Dear Readers, as we come to the end of the summer what could be nicer than a last cold beer, preferably in the open air with at least two metres between you and your compatriot? Well, until the Middle Ages your beer would have been called a ‘gruitt’ and would probably have contained mugwort, dandelion, horehound, ground ivy, burdock and a whole host of other ‘bitter herbs’ , but there wouldn’t have been any hops. Hops probably became a principal ingredient when it was noticed that beer made with hops didn’t spoil as quickly as those fancy herbal mixtures: hops have an antibacterial quality which makes it harder for the bacteria who change the flavour of the beverage to multiply. However, not everybody was initially a fan: Henry VIII banned beer made with hops in 1524, considering that they adulterated the brew. Typically his son, Edward VI, reversed the ban in 1536 and said that beer made with hops was ‘notable, healthy and temperate’. (Update: one of my eagle-eyed readers has pointed out that Edward VI didn’t start his reign until 1537 and I have discovered that the legislation was not passed until 1552 which makes a lot more sense).It’s worth remembering as well that beer was much weaker in those times than it is now, and people drank it all day as they laboured in the fields. The beer was undoubtedly healthier for the drinker than the contaminated water that would have been working people’s other option.
In more recent times, the harvesting of the hops was a very labour-intensive occupation, and so people used to be recruited from London to do some hop-picking. At one point 40,000 Londoners would head to Kent for a few weeks of fresh air and sunshine, and children would sometimes spend the whole of the six week summer holidays messing about in the rarely-experienced countryside. You can read a lovely account of it here. In my living memory it was not unusual for city folk to head to the country to help with the harvest – my Nan used to go strawberry picking with a bunch of her friends, and when I was in Dundee in the 80’s the chaps would often go to help gather in the berries in Tayside (very popular) or to sort out the potatoes (rather less popular).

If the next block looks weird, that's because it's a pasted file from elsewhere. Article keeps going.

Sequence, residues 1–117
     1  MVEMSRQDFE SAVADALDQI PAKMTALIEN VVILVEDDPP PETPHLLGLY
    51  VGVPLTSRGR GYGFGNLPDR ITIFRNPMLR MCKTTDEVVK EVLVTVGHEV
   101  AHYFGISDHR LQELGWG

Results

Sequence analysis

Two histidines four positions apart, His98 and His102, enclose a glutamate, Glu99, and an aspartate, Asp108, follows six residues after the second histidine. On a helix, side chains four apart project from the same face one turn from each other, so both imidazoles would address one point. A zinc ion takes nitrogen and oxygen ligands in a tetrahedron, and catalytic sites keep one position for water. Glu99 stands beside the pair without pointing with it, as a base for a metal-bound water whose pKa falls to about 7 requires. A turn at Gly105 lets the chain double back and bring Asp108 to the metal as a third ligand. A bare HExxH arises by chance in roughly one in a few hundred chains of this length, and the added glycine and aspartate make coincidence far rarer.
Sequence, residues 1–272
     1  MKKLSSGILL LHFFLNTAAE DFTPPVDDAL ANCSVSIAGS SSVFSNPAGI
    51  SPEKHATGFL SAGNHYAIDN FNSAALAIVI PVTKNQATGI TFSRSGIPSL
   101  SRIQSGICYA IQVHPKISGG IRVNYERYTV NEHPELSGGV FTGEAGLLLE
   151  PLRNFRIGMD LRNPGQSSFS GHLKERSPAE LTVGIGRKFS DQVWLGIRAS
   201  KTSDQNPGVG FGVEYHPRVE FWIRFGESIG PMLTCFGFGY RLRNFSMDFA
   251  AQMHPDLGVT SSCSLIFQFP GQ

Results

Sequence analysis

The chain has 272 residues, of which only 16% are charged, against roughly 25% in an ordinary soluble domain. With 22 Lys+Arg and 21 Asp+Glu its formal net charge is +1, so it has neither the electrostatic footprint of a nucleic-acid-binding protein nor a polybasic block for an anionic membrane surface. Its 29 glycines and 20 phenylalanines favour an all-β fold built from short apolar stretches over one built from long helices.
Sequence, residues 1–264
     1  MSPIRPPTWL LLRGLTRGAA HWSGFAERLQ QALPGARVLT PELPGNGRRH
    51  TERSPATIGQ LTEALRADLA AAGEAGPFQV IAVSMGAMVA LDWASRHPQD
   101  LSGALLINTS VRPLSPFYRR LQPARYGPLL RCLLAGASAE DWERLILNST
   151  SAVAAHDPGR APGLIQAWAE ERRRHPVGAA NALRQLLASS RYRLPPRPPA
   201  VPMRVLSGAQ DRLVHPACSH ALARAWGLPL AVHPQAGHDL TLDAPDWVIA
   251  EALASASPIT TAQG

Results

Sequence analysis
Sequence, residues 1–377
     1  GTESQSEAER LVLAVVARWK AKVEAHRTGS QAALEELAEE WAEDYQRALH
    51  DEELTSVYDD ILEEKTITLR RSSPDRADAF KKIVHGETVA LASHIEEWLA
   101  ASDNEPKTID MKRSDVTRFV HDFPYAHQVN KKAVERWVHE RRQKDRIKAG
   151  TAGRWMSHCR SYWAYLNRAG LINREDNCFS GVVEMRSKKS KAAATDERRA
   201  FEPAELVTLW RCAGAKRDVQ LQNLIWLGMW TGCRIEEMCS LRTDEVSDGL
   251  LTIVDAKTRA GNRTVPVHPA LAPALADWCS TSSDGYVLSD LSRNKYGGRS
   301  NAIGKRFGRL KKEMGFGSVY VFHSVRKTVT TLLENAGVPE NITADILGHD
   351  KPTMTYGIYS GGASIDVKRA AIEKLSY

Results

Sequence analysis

I spotted these hops at Walthamstow Wetlands, and what strange ‘flowers’ they have! They are actually called strobili, and they appear only on the female plants (hops are dioecious, meaning that the male and female plants are separate). What elegant forms they are!
Hops are native to pretty much the whole northern hemisphere, and it is an extremely vigorous vine. Its Latin species name ‘lupulus’ means ‘little wolf’, probably referring to the way that it strangles other plants, particularly young willows, hence one of its vernacular names, ‘willow-wolf’. However, in many parts of the UK, especially hop-growing areas such as Kent, it was seen as a lucky plant, often included in garlands which were hung in farmhouses and pubs.